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A baby can be born in one of two ways. A vaginal birth is one in which the baby is delivered through the mother's birth canal (vagina). A cesarean birth (C-section) is one in which the baby is delivered through an incision in the mother's lower abdomen and uterus. A cesarean birth is a surgical procedure done with anesthesia. It can take 4 to 6 weeks to recover completely from the surgery. But most mothers are up and able to care for their infants in 3 to 4 days.
A C-section may be done when a quick delivery is needed for the safety of the mother or baby. Some cesareans are done after labor has slowed or stopped and a manual exam shows that the fetal head is not engaging in the pelvis. This sometimes happens when the fetal head is larger than the mother's pelvic girdle (cephalopelvic disproportion).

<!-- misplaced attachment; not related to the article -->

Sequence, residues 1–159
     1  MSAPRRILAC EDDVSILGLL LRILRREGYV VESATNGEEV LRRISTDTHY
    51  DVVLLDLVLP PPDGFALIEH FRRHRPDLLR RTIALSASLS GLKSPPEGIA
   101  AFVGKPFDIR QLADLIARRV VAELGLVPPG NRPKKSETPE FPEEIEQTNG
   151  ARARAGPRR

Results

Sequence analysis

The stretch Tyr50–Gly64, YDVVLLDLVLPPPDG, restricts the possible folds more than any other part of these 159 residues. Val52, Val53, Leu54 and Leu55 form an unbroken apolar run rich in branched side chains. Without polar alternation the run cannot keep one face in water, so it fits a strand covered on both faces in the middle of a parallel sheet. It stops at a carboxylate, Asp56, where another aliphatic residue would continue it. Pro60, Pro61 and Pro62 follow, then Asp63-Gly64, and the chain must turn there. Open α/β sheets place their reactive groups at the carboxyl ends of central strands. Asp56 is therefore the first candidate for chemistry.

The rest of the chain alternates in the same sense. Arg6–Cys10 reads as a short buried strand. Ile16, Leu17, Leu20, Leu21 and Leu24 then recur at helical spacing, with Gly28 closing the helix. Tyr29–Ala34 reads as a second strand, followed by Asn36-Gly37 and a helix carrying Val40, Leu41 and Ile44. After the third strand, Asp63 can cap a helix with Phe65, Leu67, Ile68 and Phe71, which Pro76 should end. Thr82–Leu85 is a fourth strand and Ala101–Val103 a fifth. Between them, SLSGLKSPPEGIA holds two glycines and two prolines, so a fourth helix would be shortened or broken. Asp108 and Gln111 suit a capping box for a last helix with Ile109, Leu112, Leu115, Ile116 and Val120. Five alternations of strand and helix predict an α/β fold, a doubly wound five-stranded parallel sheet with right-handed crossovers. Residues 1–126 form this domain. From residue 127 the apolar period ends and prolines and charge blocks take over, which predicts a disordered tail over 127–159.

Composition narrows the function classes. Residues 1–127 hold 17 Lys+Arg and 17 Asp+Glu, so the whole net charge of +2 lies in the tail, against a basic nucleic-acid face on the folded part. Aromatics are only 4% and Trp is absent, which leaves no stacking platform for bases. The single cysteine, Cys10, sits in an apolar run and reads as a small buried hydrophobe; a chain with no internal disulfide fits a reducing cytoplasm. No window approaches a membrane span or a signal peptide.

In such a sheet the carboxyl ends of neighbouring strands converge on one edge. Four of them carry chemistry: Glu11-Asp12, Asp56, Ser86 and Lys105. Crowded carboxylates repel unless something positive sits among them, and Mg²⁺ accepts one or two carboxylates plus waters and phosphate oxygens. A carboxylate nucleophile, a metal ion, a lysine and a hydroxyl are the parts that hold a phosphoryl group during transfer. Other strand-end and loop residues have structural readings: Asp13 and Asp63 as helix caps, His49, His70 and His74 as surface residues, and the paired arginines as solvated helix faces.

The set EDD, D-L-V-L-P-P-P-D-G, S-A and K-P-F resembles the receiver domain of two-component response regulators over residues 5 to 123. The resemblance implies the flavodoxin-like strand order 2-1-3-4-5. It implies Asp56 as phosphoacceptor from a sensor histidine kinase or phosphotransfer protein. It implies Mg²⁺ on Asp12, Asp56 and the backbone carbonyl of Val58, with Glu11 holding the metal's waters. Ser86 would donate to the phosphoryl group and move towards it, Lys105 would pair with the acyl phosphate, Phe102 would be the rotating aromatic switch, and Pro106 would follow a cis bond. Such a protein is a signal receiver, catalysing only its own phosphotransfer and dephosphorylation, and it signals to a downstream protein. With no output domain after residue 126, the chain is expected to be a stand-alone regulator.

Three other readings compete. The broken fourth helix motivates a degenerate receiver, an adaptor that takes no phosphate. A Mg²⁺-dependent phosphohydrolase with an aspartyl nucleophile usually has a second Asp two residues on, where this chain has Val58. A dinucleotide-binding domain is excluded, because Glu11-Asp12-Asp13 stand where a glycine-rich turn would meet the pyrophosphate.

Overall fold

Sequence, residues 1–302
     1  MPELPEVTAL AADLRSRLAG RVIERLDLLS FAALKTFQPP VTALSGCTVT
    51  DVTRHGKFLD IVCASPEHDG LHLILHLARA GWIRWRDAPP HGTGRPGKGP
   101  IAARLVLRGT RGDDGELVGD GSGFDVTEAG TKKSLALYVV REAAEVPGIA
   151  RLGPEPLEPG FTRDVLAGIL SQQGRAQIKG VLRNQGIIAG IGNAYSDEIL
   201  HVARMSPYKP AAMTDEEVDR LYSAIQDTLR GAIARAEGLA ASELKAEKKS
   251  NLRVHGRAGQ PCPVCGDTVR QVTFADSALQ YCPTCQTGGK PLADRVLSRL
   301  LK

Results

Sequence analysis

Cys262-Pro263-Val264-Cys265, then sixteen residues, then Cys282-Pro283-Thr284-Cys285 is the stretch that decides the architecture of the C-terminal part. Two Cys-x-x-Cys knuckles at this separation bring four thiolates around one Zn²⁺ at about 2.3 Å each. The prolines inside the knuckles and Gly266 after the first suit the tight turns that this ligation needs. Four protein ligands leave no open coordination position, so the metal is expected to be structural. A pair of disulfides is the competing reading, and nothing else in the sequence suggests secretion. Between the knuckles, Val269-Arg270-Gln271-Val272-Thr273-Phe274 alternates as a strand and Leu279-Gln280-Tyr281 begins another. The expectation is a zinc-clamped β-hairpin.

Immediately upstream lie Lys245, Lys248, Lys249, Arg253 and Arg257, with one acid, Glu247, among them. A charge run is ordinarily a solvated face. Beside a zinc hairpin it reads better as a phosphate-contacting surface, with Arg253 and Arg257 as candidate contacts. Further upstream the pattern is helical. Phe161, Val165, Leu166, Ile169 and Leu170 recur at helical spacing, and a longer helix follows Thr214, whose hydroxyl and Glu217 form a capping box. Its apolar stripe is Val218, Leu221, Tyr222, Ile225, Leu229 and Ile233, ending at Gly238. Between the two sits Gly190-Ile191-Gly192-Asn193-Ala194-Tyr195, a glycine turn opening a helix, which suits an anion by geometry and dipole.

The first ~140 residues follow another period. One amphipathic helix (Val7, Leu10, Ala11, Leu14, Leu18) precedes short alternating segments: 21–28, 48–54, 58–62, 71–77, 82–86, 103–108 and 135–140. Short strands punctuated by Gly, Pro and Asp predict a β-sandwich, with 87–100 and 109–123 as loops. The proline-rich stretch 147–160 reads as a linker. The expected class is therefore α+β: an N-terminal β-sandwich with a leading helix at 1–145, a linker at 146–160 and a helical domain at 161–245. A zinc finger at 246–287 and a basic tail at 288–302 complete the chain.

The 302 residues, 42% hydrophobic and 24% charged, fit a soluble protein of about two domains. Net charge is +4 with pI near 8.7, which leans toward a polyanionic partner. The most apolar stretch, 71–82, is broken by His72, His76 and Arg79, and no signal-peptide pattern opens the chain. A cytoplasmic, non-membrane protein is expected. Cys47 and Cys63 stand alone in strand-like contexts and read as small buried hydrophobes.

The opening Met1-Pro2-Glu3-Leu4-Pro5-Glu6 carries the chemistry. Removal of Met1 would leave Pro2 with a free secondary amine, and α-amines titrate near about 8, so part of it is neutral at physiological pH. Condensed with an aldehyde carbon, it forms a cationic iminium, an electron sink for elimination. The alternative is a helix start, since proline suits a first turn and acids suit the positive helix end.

Some conditions or problems that may require a cesarean birth can be identified before labor begins. These conditions include the following:
Many cesarean births are done on an emergency basis when maternal or fetal problems or complications develop during labor. Such situations include:
In the past, a woman who had one cesarean birth then had to have all of her other babies delivered by cesarean also. This is no longer the case. Depending on the reason for the original cesarean and the type of incision that was made, a woman may be able to deliver her next baby vaginally. For more information, see the topic Vaginal Birth After Cesarean (VBAC).
|Primary Medical Reviewer||Sarah Marshall, MD - Family Medicine|
|Specialist Medical Reviewer||Kirtly Jones, MD - Obstetrics and Gynecology|
|Last Revised||November 2, 2011|
Last Revised: November 2, 2011
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